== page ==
Nutritional Support
March 4, 2021

Breast Milk Warming Best Practices

Make sure babies get all the nutrients they need by following these best practices for warming breast milk.
Make sure babies get all the nutrients they need by following these best practices for warming breast milk.

Given that breast milk contains so many nutrients that are essential to a baby’s health, it’s no surprise that it’s often referred to as “liquid gold.” Whether it’s in a NICU or a mother’s home, that gold is often warmed to increase the baby’s comfort and to aid in their digestion. After all, babies are used to getting breast milk right from the source, where it’s expressed at the mother’s natural body temperature.

Even though there’s nothing wrong with offering a baby room temperature or even cold breast milk, warming it is generally considered to be the best option for keeping babies happy and comfortable. The problem is that if breast milk is warmed improperly, you run the risk of destroying some of the nutrients that make it so valuable. Following these best practices can help ensure you know how to warm a bottle of breast milk without damaging it.

Best Practices for Breast Milk Warming

Know Your Temperature Ranges

The goal of warming breast milk is to achieve its natural temperature when first expressed — the average human body temperature of 98.6º F. Of course, you can’t always achieve that exact temperature. That’s why there are broader ranges that serve as good breast milk guidelines:

  • 32 to 78º F: Milk this temperature is safe for babies, but it may not be as optimal for their taste preferences and digestion.
  • 79 to 98.6º F: A good lukewarm temperature that’s safe for babies.
  • 99º to 105º F: This range is still considered lukewarm. Even though it’s a little warmer than the ideal, it isn’t so hot that it will destroy the breast milk’s nutrients or pose a danger to the baby.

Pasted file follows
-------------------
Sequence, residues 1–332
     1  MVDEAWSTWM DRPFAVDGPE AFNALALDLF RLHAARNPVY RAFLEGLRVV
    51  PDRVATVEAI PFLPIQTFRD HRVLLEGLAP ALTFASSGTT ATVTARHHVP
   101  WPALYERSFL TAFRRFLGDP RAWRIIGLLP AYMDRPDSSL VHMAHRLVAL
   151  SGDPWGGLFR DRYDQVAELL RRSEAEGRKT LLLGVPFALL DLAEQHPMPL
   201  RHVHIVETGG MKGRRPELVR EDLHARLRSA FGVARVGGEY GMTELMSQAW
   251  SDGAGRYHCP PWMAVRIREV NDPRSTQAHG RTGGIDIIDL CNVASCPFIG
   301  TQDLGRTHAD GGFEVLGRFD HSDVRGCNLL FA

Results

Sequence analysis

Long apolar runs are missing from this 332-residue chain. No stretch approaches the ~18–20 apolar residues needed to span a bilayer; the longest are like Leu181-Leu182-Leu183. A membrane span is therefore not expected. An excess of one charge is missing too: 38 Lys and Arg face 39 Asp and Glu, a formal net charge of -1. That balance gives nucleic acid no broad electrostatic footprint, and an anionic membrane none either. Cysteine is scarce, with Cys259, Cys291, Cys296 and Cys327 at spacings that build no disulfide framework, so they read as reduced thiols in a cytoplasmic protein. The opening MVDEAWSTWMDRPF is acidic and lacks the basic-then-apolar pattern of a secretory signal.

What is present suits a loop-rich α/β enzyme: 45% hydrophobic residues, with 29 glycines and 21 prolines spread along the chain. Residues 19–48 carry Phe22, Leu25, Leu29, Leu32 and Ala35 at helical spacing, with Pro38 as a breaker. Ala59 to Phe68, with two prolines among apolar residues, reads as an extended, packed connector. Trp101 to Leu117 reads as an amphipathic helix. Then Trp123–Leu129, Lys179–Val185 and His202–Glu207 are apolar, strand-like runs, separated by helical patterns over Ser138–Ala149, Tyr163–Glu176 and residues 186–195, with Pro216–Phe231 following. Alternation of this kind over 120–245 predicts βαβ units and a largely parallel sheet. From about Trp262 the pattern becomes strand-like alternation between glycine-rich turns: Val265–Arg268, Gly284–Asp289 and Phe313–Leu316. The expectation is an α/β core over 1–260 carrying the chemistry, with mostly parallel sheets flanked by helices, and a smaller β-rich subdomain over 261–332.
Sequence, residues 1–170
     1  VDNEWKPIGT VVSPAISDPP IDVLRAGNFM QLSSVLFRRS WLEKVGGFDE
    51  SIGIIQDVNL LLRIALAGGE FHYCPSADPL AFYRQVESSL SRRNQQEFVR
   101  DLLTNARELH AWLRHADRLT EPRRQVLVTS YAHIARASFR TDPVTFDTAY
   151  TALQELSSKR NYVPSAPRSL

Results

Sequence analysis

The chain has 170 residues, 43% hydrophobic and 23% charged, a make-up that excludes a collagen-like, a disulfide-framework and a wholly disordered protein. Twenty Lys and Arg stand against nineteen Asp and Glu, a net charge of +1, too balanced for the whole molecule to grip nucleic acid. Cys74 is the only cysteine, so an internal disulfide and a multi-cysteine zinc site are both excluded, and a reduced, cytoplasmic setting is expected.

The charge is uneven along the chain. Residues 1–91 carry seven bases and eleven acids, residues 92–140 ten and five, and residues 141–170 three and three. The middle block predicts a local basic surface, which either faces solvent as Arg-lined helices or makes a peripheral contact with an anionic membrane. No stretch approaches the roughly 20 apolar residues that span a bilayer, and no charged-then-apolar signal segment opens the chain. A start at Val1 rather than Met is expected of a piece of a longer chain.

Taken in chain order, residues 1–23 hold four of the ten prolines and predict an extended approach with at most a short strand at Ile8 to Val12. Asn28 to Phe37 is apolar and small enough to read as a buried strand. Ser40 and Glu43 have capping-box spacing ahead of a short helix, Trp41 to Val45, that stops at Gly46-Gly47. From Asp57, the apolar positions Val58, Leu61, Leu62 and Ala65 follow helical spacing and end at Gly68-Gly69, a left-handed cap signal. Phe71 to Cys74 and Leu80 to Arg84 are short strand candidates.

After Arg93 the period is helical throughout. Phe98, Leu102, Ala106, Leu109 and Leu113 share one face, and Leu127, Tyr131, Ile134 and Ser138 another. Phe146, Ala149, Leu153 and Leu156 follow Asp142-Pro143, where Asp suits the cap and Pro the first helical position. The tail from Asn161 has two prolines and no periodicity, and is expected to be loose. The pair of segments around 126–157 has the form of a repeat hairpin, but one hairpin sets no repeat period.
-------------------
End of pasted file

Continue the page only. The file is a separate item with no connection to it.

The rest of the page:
• 106º F and up: Breast milk that is any hotter than lukewarm isn’t recommended. Not only can the milk burn the baby’s mouth, but studies also show that the higher the temperature and the longer the breast milk bag has been exposed to heat, the more beneficial properties of human milk (including probiotic bacteria and white blood cells) are destroyed.

Agitate, Don’t Shake

Due to the large fat globules in breast milk that quickly break apart into lipids and aqueous compounds, breast milk is prone to separation. You might be tempted to shake the breast milk bag to mix the milk back together, but you need to resist that temptation. Shaking breast milk too hard can actually damage some of the bioactive components found in the milk. Instead, carefully agitate the milk until it’s mixed together.

Never Use the Microwave

It’s important to remember that warming breast milk isn’t the same as warming any other liquid. Warming breast milk in the microwave might seem like a quick and easy solution, but it’s never recommended. Not only can the microwave destroy the nutrients in breast milk, but it also heats the milk unevenly. This creates hot pockets of liquid that can burn the baby’s mouth. You should only ever use a breast milk warmer or warm water to heat the milk — never a microwave or even a stovetop.